We originally got this book from the library, but it soon became apparent that it was one that needed to be a permanent fixture on the shelves.

At Swim, Two Boys
At Swim, Two Boys
by Jamie O'Neill
Edition: Paperback

10 of 13 people found the following review helpful
4.0 out of 5 stars A beautifully crafted tale, 3 Oct 2002
This review is from: At Swim, Two Boys (Paperback)
The first thing that struck me on picking up "At Swim, Two Boys" was the lyrical Irish dialect used throughout the narrative as well as the character speech. For the first chapter or so, I found this really awkward to try and process what was being said, however I soon got used to it. In some ways, I felt the language lent the book a magical quality and I quickly became immersed in the scenes as a result.
The book is set around the time of the First World War and follows the life of a young boy, Jim, up to the time of the Irish Easter Uprisings in 1916. The main theme is the contrast between glorification and idealism of war compared to the grim realities. There is a particularly poignant moment where Jim's father (Mr Mack) tells him that his brother is safer in the WWI trenches than he would be on the streets of home, of course history tells us a much different scenario. We also follow the burgeoning homosexual relationship between Jim and his friend Doyler. There are darker subplots in the book of abuse, manipulation and rape that made for quite an uncomfortable read at times.
The plot progresses quite gently at first, meandering through the character's lives - and you really do get to know and love each of them for all their faults. Jim comes across as naïve and idealistic - full of energy, love and faithful to what he believes in. Mr Mack is probably my favourite character, however. He is idiosyncratic to the point of irritating and appears to be a woefully inadequate parent. Then as you get to know him, you realise that he's just doing what he thinks is best in a very difficult situation. Although full of pride and wanting to be seen to be moving upwards in society, when events conspire against him, he is seen to be generous and true, thoughtful and dutiful to what is right, a pillar of strength throughout almost overwhelming sorrow. I grew to admire and respect him throughout the novel.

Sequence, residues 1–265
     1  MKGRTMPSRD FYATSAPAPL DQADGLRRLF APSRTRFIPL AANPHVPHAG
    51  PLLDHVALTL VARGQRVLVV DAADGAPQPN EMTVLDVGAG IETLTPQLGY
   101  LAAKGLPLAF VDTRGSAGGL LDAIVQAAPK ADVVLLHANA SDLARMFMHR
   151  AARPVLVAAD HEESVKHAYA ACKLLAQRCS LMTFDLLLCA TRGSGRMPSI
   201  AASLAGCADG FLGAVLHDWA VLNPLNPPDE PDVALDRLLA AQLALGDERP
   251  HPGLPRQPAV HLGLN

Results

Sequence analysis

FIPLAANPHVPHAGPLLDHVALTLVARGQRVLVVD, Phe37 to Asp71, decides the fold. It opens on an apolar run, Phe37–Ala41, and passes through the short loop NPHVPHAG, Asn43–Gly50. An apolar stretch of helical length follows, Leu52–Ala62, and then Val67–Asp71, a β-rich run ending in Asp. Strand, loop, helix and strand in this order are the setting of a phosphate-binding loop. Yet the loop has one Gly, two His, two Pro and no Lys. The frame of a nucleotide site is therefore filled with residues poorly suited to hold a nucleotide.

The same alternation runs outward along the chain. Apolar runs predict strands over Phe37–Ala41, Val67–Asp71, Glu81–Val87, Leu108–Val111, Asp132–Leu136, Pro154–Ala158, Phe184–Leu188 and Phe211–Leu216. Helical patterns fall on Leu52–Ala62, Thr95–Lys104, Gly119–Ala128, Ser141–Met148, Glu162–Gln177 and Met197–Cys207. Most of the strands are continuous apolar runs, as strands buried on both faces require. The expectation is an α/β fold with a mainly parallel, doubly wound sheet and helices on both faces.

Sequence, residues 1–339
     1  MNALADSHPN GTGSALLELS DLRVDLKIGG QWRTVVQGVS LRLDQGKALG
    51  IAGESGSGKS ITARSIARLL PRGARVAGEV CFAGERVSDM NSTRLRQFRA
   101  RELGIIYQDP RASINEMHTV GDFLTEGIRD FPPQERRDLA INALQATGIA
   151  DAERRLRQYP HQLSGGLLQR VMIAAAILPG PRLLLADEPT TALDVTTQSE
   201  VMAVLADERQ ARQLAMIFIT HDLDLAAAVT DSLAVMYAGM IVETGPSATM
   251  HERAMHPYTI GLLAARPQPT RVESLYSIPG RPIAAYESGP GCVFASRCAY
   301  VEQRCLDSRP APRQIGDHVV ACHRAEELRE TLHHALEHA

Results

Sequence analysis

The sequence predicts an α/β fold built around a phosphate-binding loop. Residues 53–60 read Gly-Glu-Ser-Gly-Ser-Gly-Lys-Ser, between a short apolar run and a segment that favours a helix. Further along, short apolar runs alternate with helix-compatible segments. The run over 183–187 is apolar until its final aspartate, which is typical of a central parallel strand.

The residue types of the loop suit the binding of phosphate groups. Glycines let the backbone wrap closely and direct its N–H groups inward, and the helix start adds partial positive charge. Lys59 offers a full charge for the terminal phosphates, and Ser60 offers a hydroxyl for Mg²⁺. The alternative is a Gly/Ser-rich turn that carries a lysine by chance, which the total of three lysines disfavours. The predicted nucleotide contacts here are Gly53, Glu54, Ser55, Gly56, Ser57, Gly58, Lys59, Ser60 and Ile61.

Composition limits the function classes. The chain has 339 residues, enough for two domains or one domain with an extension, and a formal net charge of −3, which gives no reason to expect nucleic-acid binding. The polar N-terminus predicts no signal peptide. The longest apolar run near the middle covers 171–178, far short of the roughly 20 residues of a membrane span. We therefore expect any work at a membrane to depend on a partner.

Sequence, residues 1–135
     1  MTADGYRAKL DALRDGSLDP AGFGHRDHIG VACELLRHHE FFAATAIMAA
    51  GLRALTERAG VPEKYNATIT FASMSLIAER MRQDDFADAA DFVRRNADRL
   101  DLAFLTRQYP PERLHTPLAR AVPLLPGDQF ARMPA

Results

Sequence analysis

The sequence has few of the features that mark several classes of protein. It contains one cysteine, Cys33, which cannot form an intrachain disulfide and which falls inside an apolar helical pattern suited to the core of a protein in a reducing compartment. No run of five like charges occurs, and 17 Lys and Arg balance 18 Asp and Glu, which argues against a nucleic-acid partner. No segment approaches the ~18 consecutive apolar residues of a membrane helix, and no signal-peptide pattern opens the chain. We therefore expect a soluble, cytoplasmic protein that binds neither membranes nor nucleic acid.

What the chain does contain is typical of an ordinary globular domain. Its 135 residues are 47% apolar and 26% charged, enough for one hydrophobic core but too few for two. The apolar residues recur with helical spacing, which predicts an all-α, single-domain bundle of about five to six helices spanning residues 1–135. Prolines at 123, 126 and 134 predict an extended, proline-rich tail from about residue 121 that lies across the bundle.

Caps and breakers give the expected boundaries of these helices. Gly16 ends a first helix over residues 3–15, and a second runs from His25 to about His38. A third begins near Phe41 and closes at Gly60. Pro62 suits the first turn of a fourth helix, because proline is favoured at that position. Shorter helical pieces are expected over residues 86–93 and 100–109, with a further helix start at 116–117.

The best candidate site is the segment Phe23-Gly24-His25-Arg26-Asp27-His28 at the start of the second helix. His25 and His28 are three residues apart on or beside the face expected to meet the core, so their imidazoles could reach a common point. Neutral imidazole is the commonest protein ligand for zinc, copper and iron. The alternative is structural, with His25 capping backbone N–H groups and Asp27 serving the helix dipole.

Doyler, I suppose, is the typical loveable rogue, although he's never that straightforward a character. At times, it is hard decide if he is the manipulated or the manipulator in his relationships and actions. We are given glimpses into the poverty he was brought up in - scenes which I found difficult to relate to given how starkly different they are compared to life in the Western World of today. Despite that, he makes his own choices and his own luck - I remain undecided whether I actually like him or not!
MacMurrough is an odd character - he hears voices, he manipulates the young boys to his own ends, he has overwhelming self-interest and bitterness - yet he does appear to genuinely love Jim and I often found myself hoping that he would find happiness and fulfilment by the end of the book. In many ways, I felt as if we should really dislike him, yet I couldn't quite bring myself to.
I was slightly disappointed with the book's ending. The main pace had been slow and thoughtful, yet towards the end it became fast and confused. I imagine part of this was intentional on the part of the author to reflect the atmosphere of the time, and also part due to my general ignorance of Irish history. However, I found that as I understood less of what was going on, I had less sympathy with the characters and less interest in their fate. The final chapter felt contrived, unsatisfactory and unfinished (I don't want to give too much detail away here for those who have not completed the book yet).
Overall, though, it was a lovely book - I felt I had participated in the story rather than just read it, which is a direct reflection on Jamie O'Neill's skill with the written word. I would probably want to read it again some day, but only after I had read up a little more about the Irish history of that time.